Evolutionary Entertainment

Exploring the evolutionary foundations of popular culture.

Are Babies Stoned?

The similarities between being a baby and being baked are uncanny.

William James famously described babies’ mental states as "one great blooming, buzzing confusion” (James, 1890). Whether their bewilderment is beset with blooms or buzzes, the similarities between being a baby and being baked are uncanny. To wit:

  1. Prime goals for babies and those high on marijuana are eating any and everything, nodding off to sleep, and drinking massive quantities of fluids
  2. Babies and stoners alternate between a state of singular focus on an object (e.g., a crib mobile or lava lamp) and the inability to deeply focus on any single object before being distracted by something else
  3. Their abilities to form new memories are severely impaired
  4. Paranoia is common when a strange noise is heard or a strange person is seen 
  5. Balance and fine motor control are shaky
  6. Colorful cartoons are captivating
  7. Easy to elicit, non-stop laughter is common
  8. Both can sit idly for 20-minutes in a weird, focused silence

Coincidence or Cannabinoids?

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Anecdotal and empirical evidence indicate that marijuana’s concentration of the cannabinoid tetrahydrocannabinol (THC) accounts for the aforementioned behaviors while under its influence (Kuhn, Swartzwelder, & Wilson, 2008). Might cannabinoids also account for stoner behaviors in babies?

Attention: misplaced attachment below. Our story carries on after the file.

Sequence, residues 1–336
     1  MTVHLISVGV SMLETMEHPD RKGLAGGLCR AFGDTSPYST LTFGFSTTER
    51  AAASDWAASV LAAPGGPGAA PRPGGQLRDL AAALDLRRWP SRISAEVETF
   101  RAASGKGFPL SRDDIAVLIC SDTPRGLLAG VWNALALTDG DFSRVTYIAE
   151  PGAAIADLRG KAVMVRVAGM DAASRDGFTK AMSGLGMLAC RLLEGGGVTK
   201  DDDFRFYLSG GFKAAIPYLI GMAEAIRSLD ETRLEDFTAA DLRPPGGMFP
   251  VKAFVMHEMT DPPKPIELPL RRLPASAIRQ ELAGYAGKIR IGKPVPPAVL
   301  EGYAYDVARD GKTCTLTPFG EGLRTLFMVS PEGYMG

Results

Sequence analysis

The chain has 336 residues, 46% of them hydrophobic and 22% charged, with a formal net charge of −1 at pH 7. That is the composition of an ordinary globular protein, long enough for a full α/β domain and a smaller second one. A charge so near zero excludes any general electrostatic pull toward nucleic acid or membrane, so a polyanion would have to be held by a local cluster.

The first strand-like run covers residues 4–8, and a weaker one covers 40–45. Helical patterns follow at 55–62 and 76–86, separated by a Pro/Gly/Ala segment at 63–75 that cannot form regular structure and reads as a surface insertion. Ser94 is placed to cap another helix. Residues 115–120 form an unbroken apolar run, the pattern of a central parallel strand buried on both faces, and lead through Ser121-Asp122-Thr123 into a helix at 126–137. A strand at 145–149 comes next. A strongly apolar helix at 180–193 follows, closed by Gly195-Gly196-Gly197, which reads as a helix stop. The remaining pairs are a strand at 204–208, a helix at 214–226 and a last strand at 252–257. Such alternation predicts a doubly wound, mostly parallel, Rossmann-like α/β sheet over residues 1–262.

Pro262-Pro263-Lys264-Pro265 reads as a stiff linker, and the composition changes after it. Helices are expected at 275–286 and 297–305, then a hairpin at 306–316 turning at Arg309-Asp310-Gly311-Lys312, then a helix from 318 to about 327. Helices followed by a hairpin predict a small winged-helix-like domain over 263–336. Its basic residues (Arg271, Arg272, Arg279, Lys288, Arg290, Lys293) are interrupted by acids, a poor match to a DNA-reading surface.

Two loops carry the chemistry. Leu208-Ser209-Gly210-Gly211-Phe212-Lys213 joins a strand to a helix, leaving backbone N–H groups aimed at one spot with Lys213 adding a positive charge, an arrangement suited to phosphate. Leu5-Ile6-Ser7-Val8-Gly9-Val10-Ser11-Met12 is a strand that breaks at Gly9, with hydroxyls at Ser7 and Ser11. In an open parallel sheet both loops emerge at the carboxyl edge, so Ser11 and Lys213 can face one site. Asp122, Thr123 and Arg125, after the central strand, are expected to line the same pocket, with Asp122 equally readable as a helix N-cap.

Twenty years ago, researchers discovered that the human brain has natural endocannabinoid receptors that bind with the endocannabinoids anandamide and 2-arachidonoylglycerol (2-AG), among other compounds (Devane et al., 1992). To date however, no solid evolutionary hypothesis for the existence of this receptor system exists. Why did evolution design our brains to produce its own concoction of cannibinoids and an associated receptor system (a system, it appears, that the THC in marijuana “hijacks”)?

The adaptationist in me wonders if our endocannabinoid receptor system is particularly active early in life in order to serve some adaptive value for newborns and infants. Future researchers might consider testing this “baked baby hypothesis” by exploring if the receptor system serves to:  

  1. stimulate babies’ appetite and thirst
  2. facilitate unusually long periods of sleep
  3. provide relief from pain and anxiety
  4. impede memory formation (possibly to stymie sexual imprinting on mother while nursing and to forestall memories of pain, anxiety, crying, etc.)

Just a thought.  A stoned thought, I suppose.

PS: Additional (and quite hilarious) "evidence" of babies’ lack of sobriety is compiled here.

References

Devane, W. A., et al. (1992). Isolation and structure of a brain constituent that binds to the cannabinoid receptor. Science, 258, 1946-1949. 

James, W. (1890). The principles of psychology.

Kuhn, C., Swartzwelder, S., & Wilson, W. (2008). Buzzed: The straight facts about the most used and abused drugs from alcohol to ecstasy (third edition). New York: Norton.

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Copyright © 2012 Barry X. Kuhle. All rights reserved.

Disclaimer: The views expressed in this blog do not necessarily reflect the views of Psychology Today and the University of Scranton, or my friends, family, probation officer, gut bacteria, darkest thoughts, and personal mohel.

Barry X. Kuhle, Ph.D., is an assistant professor of psychology at the University of Scranton.

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